If you’re going to store valuables in your outside storage bays, we recommend upgrading to a more secure lock.

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The next lock to consider is your entry door. We have a dual-locking, high quality lock on our RV door, which is common on motorhomes.

If you have a travel trailer or fifth wheel, you may want to upgrade your main door lock if you don’t like the quality of the one it came with.

Upgraded RV Door Locks

Upgrade the lock on travel trailers or fifth wheels.

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Another important, well essential item on your RV is the propane tank. Discourage anyone from running off with your tanks with a simple propane tank locking kit. Double check you order the correct size to fit your gear.

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Considerations for Personal Safety

Research and Plan Your Route in Advance

Share your route with someone close to you.  Promise to check in at certain intervals.  There’s some safety in knowing that someone knows your whereabouts. Agree to a plan of action if you do not check in at the designated time.

In addition, always know where the closest hospital is located where you’re camping. Know the emergency numbers of the areas you’re transiting through or staying in. The same goes for maintaining a list of local contact numbers for veterinarians, if you have pets.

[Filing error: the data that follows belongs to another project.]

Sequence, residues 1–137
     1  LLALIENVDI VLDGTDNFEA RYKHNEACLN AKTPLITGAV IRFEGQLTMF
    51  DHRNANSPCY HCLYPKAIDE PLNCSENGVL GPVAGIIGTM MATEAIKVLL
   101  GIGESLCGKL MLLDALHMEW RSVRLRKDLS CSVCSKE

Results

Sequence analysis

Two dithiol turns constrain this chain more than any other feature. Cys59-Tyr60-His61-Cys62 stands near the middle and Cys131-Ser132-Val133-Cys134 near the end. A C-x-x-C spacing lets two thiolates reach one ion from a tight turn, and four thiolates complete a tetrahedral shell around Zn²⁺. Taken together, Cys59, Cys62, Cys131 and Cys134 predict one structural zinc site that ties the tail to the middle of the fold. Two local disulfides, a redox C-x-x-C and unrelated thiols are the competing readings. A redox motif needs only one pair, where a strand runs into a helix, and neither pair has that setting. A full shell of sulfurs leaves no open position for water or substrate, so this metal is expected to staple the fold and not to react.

Pet Protection

If you have pets that stay inside your RV while you’re away from it, it is advisable to leave a note posted on your door or window that states that pets are inside. Include your phone number on the note so staff or guests can call you in the event of an emergency.

When I lived at an RV park in Phoenix, during the summer months the park would sometimes lose power. Having the AC turned off for any length of time was a threat to my dog who was sometimes home alone.

If I was leaving for more than an hour, I would usually tell a neighboring camper that my dog was in the RV.